Imagine a lawyer has just finished a grueling deposition preparation session with an uncooperative but important witness for her side of the case. Tired and a bit frustrated, Mary vents by updating her Facebook status while in the taxi on the way home:
“Absolutely drained after spending six hours prepping Mr. No-clue for deposition. Who’s in for dinner?”
In this post, Mary “tags” a few of her friends, among them Dave, who also happens to be a lawyer. But what will Mary do when Dave happens to be Facebook friends with the opposing counsel, who can see that Dave is tagged in Mary’s post, and uses this serendipity as ammunition at cross-examination like this:
Question: Mary, did you meet with the counsel to prepare for your testimony today?
Question: Are you aware that counsel has questioned your competence and the accuracy of your memory regarding the facts in this case?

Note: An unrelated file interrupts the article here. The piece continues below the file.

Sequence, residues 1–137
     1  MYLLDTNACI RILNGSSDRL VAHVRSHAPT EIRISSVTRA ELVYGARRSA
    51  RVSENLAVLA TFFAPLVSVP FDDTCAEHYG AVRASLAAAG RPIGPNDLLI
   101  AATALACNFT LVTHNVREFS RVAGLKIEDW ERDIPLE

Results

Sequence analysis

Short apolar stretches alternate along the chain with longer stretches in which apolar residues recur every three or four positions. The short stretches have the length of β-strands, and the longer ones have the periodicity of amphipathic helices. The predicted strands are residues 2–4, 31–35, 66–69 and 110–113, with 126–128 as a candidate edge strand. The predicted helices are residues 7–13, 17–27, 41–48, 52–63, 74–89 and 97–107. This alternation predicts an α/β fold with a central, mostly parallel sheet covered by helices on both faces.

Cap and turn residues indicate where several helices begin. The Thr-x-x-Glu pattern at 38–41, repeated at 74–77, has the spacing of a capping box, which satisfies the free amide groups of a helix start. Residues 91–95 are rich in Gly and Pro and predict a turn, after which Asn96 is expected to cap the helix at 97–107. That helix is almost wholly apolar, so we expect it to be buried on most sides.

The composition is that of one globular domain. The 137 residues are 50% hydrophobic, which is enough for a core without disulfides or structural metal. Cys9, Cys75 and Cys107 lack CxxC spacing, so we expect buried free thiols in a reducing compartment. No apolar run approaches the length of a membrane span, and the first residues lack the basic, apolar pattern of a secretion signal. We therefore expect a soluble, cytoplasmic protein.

Following an event such as this, professional liability coverage would undoubtedly become a necessity. But there are preventative steps lawyers can take to avoid such claims – as long as they remain diligent from behind their keyboards.
Social media, blogs and other interactive internet-based platforms allow lawyers to reach out broadly to colleagues, clients and potential clients. But, posting on “personal” social accounts doesn’t exempt lawyers from confidentiality breaches, violations in ethics, or state or federal privacy and data security laws. Not to mention certain social actions could potentially mislead clients or fall short of the standard of care. Thus, while lawyers must keep pace with today’s forms of communication, they also must consider the risks presented by new technologies and how to control those risks.
What follows is an examination of some of those risks and ways to help address them.
Social Media Potential Pitfalls
Think twice before posting. Participation on Facebook, Twitter and LinkedIn can be both socially and professionally beneficial. But, lawyers also risk breaching confidentiality or undermining relationships with courts, witnesses or clients through even the most seemingly innocuous status updates, comments, likes and shares.